My attempt to blog all of the entries from the book 1001 Albums to Hear Before You Die
Brief Background: Birth of the Cool is actually a compilation album that was recorded in three sessions over 1949 and 1950 and were originally released as ten inch singles. The album wasn’t released until 1957. The original album only had 11 tracks, the 12th “Darn That Dream” was added in a 1971 release and has been present in every version since.
What I liked: I really enjoyed the “cool jazz” style that Davis and his “nonet” employ on this album. The songs are short (2-3 minutes), which if you have been reading this blog you know is my preference for jazz. “Venus de Milo” and “Rocker” are my favorites from the album. “Venus” has a nice groove and “Rocker” lives up to it’s name.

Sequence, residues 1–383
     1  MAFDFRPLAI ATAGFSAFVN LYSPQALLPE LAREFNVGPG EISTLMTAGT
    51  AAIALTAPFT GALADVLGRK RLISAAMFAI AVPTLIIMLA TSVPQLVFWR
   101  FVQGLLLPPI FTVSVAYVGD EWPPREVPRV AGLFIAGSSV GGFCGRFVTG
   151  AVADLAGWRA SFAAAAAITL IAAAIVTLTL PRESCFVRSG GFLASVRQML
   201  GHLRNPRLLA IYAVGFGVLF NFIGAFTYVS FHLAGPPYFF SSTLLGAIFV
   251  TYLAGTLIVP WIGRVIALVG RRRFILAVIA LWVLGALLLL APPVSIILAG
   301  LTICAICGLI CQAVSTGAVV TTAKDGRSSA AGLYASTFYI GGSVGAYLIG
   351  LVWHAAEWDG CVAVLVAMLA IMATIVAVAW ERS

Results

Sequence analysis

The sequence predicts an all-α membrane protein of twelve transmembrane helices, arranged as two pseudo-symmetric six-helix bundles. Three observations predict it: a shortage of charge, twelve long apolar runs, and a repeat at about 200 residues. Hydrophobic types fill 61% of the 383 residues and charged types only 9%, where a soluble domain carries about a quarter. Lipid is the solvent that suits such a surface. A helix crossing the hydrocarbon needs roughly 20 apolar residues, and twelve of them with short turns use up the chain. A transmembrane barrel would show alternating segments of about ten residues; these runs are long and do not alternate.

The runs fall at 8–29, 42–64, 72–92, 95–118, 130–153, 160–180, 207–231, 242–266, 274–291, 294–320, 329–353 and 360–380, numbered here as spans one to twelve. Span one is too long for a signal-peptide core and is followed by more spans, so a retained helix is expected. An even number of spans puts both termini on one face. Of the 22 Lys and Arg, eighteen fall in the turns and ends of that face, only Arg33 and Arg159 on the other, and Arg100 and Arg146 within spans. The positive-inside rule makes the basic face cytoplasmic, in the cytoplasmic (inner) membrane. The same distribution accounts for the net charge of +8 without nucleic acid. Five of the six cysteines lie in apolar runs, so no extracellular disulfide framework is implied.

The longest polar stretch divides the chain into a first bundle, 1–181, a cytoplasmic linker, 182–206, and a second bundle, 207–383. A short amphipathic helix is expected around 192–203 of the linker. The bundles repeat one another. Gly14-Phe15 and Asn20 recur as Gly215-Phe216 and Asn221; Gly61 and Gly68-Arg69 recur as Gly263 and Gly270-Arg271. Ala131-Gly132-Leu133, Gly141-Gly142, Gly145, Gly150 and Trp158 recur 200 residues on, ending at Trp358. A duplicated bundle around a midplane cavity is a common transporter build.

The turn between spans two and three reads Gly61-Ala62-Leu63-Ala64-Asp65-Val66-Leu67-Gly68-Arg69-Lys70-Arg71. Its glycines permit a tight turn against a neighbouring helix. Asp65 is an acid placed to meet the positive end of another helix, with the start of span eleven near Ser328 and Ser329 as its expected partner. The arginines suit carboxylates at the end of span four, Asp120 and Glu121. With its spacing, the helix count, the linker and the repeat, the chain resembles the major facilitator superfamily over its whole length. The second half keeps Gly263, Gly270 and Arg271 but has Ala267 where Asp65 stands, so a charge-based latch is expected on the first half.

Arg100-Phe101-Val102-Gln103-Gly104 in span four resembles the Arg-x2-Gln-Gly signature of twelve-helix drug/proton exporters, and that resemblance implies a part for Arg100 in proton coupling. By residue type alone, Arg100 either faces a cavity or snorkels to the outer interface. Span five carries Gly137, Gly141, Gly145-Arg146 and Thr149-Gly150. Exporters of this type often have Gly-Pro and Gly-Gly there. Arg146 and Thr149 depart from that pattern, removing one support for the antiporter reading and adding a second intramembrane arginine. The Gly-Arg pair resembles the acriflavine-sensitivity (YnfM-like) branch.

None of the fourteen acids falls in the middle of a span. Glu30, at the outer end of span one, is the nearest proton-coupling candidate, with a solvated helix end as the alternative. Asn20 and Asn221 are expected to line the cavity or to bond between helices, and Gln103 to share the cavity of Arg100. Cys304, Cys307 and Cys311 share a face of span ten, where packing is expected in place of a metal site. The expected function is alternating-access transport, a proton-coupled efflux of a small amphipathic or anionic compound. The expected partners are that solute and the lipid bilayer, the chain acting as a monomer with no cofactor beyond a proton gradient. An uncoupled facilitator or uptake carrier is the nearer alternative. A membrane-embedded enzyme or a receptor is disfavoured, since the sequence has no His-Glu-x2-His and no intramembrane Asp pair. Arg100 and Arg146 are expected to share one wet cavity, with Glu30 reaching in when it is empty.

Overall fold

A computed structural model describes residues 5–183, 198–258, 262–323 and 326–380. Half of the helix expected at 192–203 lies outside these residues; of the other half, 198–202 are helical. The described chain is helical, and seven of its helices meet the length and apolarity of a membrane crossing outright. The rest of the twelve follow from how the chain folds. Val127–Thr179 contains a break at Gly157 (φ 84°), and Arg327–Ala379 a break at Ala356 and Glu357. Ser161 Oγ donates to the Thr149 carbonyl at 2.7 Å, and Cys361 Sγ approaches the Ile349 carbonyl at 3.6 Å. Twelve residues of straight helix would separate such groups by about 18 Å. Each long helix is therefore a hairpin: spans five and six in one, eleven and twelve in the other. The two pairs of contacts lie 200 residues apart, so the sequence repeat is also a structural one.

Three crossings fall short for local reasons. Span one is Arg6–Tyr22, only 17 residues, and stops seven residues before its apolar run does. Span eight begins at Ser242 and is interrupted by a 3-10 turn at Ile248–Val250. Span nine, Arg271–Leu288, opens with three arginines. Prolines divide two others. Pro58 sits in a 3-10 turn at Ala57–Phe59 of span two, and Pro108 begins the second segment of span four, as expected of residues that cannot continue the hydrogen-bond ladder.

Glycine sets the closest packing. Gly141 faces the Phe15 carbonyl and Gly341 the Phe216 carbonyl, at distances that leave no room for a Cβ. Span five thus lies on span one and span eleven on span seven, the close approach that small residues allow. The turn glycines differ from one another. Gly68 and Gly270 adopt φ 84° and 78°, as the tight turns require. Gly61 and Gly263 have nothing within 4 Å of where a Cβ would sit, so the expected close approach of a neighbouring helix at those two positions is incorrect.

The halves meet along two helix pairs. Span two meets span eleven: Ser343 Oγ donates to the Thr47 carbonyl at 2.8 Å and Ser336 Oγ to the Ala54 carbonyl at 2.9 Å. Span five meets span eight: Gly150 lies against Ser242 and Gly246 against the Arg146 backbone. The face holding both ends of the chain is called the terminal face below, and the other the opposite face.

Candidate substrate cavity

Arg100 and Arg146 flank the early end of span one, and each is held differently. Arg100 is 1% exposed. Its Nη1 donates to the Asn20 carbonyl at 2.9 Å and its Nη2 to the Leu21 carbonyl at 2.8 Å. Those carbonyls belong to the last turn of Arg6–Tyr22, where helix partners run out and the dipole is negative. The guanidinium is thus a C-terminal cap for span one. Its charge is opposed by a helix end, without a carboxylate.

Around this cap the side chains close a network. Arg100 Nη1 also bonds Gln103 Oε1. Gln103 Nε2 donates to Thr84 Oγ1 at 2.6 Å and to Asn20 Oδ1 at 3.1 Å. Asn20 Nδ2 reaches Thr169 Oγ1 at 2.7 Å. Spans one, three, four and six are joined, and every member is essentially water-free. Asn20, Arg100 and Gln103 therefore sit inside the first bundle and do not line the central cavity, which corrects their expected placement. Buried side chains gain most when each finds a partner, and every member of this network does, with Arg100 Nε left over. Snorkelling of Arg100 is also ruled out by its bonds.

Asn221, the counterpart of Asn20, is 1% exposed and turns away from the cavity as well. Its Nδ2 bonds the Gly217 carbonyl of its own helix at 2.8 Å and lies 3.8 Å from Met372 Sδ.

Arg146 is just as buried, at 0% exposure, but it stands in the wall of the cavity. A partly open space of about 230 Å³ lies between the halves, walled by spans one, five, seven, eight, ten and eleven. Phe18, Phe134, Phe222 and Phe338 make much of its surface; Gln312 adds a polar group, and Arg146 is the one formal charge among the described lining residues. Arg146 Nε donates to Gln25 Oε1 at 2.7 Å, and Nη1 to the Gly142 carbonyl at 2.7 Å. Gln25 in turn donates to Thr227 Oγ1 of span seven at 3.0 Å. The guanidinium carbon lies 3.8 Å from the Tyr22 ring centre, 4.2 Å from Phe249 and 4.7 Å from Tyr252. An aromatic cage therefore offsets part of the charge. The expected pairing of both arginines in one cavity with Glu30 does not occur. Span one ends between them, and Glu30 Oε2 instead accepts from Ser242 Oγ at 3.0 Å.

What I Didn’t Like: The album is famous for it’s ensemble sound instead of a solo voice or a call and response style. While that maybe true, I tired of hearing Davis’ trumpet so loud in the mix. I feel he is definitely at the lead and I wanted everything else to be brought forward from the background. I also feel the addition of “Darn that Dream” at the end of the album is a mistake. It’s the only song with vocals and really doesn’t feel like anything else here.
My Overall Thoughts: I’ve listened to Kind of Blue multiple times and haven’t been able to get into it very well, because of the lengthier songs and more experimental instrumentation (like Brilliant Corners it sounds like a warm-up session to me). It was really nice to hear some Davis’ music that I could really enjoy.
Do I agree or disagree with the writers as to this being an album you must listen to? I do agree that it should be here. Having tried to listen to some Davis’ albums and never being able to get into them, I had sort of given up. I may have never given this album a try without the book.
Rating (Out of 5): 4
Amazon Review (Out of 5):4.5
Is this my first time hearing this album? Yes (12/13)